To Sir Humphry Davy belongs the merit of isolating this element from potash, which itself had previously been considered an element. On placing a piece of potash on a platinum plate, connected to the negative of a powerful electric battery, and bringing a platinum wire, connected to the positive of the battery, to the surface of the potassium a vivid action was observed: gas was evolved at the upper surface of the fused globule of potash, whilst at the lower surface, adjacent to the platinum plate, minute metallic globules were formed, some of which immediately inflamed, whilst others merely tarnished. In 1808 Gay-Lussac and Thenard (Ann. chim. 6 5, p. 3 2 5) obtained the metal by passing melted potash down a clay tube containing iron turnings or wire heated to whiteness, and Caradau (ibid. 66, p. 97) effected the same decomposition with charcoal at a white heat. This last process was much improved by Brunner, Wdhler, and especially by F. M. L. Donny and J. D. B. Mareska (Ann. chim. phys., 1852, (3), 35, p. 1 47). Brunner's process consisted in forming an intimate mixture of potassium carbonate and carbon by igniting crude tartar in covered iron crucibles, cooling the mass, and then distilling it at a white heat from iron bottles, the vaporized metal being condensed beneath the surface of paraffin or naphtha contained in a copper vessel. It was found, however, that if the cooling be not sufficiently rapid explosions occurred owing to the combination of the metal with carbon monoxide (produced in the oxidation of the charcoal) to form the potassium salt of hexaoxybenzene. In Mareska and Donny's process the condensation is effected in a shallow iron box, which has a large exposed surface, capable of being cooled by damped cloths. When the distillation is finished the iron box, after cooling, is unclamped and the product turned out beneath the surface of paraffin. It is purified by redistilling and condensing directly under paraffin. Electrolytic processes have also been devised. Linnemann (Journ. Prak. Chem., 1858, 73, p. 413) obtained the metal on a small scale by electrolysing potassium cyanide between carbon electrodes; A. Matthiessen (Journ. Chem. Soc., 1856, p. 30) electrolysed an equimolecular mixture of potassium and calcium chlorides (which melts at a lower temperature than potassium chloride) also between carbon electrodes; whilst Castner's process, in which caustic potash is electrolysed, is employed commercially. The metal, however, is not in great demand, for it is generally found that sodium, which is cheaper, and, weight for weight, more reactive, will fulfil any purpose for which potassium may be desired.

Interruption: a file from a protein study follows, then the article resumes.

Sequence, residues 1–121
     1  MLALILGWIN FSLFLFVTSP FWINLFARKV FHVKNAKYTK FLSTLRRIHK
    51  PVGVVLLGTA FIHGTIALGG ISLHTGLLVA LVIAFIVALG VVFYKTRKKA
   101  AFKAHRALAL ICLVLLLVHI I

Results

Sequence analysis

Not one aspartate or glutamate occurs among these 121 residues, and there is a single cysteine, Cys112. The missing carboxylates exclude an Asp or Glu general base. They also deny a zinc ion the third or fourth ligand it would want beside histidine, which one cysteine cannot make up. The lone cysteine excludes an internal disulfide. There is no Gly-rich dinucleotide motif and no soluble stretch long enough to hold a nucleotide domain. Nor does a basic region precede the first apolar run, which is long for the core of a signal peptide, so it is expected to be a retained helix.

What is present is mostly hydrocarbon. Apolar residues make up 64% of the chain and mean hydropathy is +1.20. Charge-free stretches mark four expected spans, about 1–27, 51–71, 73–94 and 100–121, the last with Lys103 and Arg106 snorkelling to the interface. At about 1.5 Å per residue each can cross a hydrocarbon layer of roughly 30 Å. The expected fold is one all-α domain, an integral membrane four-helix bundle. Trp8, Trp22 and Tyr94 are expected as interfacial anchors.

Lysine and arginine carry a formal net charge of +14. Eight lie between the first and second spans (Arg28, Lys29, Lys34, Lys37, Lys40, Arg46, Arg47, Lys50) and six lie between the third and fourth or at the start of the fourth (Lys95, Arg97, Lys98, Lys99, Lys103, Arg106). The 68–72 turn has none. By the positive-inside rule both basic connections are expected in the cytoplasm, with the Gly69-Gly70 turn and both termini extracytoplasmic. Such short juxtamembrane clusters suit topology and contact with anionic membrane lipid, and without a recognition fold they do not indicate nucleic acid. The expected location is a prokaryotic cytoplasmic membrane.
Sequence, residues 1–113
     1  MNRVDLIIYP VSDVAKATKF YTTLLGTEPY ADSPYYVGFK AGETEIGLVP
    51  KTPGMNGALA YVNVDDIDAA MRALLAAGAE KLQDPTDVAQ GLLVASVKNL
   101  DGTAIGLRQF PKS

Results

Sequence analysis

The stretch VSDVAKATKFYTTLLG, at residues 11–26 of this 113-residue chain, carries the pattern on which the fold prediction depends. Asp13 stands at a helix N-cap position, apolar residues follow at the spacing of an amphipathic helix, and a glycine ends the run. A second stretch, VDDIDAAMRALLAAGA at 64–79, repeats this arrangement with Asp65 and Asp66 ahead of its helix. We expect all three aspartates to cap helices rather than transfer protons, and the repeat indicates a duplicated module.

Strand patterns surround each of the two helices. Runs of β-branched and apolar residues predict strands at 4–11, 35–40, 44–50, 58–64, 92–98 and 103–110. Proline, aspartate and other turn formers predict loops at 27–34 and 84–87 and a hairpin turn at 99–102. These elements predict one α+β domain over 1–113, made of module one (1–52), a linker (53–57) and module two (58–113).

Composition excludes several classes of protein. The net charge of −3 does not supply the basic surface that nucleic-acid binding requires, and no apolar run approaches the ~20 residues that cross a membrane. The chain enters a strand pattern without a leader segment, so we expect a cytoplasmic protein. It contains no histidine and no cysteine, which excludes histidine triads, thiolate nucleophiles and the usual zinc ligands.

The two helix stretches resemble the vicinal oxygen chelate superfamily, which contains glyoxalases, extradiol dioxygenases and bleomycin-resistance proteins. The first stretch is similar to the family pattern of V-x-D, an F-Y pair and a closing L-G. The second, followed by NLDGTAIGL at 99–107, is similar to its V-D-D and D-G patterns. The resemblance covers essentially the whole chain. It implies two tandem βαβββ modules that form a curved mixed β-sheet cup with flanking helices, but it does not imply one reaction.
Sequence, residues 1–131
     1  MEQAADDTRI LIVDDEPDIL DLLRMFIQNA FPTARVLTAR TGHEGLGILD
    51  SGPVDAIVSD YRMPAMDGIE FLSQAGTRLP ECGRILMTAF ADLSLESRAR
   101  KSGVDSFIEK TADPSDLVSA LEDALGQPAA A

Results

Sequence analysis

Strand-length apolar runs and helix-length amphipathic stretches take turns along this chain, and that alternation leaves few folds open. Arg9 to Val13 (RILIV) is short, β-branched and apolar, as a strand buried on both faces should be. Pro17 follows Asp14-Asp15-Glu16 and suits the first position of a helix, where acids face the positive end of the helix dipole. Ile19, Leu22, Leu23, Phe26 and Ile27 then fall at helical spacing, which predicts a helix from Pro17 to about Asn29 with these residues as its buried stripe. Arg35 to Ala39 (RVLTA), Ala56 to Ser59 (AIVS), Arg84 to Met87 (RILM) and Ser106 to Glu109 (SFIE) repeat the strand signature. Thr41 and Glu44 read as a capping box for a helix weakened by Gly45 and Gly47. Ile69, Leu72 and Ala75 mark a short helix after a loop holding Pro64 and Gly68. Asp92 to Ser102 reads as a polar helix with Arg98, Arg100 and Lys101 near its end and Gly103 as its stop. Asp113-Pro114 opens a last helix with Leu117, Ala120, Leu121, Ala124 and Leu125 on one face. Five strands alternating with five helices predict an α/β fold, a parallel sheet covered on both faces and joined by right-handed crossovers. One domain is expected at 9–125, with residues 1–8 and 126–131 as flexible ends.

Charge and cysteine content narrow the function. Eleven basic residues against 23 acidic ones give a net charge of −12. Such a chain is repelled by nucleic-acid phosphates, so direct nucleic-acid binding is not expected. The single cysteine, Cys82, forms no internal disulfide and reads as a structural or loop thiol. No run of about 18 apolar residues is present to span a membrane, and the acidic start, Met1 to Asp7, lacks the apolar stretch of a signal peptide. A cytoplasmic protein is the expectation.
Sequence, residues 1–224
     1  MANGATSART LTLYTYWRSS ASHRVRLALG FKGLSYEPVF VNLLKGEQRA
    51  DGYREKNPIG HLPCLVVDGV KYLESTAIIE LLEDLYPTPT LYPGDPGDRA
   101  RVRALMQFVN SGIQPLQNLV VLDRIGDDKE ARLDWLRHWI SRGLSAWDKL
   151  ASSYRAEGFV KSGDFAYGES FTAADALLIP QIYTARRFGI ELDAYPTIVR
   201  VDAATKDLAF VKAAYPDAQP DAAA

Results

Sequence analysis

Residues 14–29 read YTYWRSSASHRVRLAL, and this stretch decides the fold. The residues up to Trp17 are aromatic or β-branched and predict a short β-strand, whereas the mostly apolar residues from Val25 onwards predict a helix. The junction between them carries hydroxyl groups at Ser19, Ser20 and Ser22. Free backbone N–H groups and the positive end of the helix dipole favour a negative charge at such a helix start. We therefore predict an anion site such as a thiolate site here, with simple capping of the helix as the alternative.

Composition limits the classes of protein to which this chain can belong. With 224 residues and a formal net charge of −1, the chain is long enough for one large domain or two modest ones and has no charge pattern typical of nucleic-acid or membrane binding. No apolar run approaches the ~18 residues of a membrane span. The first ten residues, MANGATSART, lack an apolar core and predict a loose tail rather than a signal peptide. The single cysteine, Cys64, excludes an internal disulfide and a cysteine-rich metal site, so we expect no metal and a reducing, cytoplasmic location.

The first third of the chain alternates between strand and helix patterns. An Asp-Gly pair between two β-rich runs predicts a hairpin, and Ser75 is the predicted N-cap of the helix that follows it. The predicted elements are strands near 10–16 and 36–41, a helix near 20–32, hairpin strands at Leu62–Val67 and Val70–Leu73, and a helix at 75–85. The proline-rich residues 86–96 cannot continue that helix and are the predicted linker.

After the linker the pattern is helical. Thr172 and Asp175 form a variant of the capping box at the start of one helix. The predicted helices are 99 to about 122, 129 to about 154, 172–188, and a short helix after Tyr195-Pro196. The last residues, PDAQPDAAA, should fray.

Pure potassium is a silvery white metal tinged with blue; but on exposure to air it at once forms a film of oxide, and on prolonged exposure deliquesces into a solution of hydrate and carbonate. Perfectly dry oxygen, however, has no action upon it. At temperatures below o° C. it is pretty hard and brittle; at the ordinary temperature it is so soft that it can be kneaded between the fingers and cut with a blunt knife. Its specific gravity is o 865; hence it is the lightest metal known except lithium. It fuses at 62.5°C. (Bunsen) and boils at 667°, emitting an intensely green vapour. It may be obtained crystallized in quadratic octahedra of a greenish-blue colour, by melting in a sealed tube containing an inert gas, and inverting the tube when the metal has partially solidified. When heated in air it fuses and then takes fire, burning into a mixture of oxides. Most remarkable, and characteristic for the group it represents, is its action on water. A pellet of potassium when thrown on water at once bursts out into a violet flame and the burning metal fizzes about on the surface, its extremely high temperature precluding absolute contact with the liquid, exce p t at the very end, when the last remnant, through loss of temperature, is wetted by the water and bursts with explosive violence. The reaction may be written 2K+ 211 2 0= 2K0H+H2, and the flame is due to the combustion of the hydrogen, the violet colour being occasioned by the potassium vapour. The metal also reacts with alcohol to form potassium ethylate, while hydrogen escapes, this time without inflammation: K+C 2 H 5. OH=C 2 H 5. OK+H. When the oxide-free metal is heated gently in dry ammonia it is gradually transformed into a blue liquid, which on cooling freezes into a yellowish-brown or flesh-coloured solid, potassamide, KNH 2. When heated to redness the amide is decomposed into ammonia and potassium nitride, NK 3, which is an almost black solid. Both it and the amide decompose water readily with formation of ammonia and caustic potash. Potassium at temperatures from 200 to 400°C. occludes hydrogen gas, the highest degree of saturation corresponding approximately to the formula K 2 H. In a vacuum or in sufficiently dilute hydrogen the compound from 200° upwards loses hydrogen, until the tension of the free gas has arrived at the maximum value characteristic of that temperature (Troost and Hautefeuille).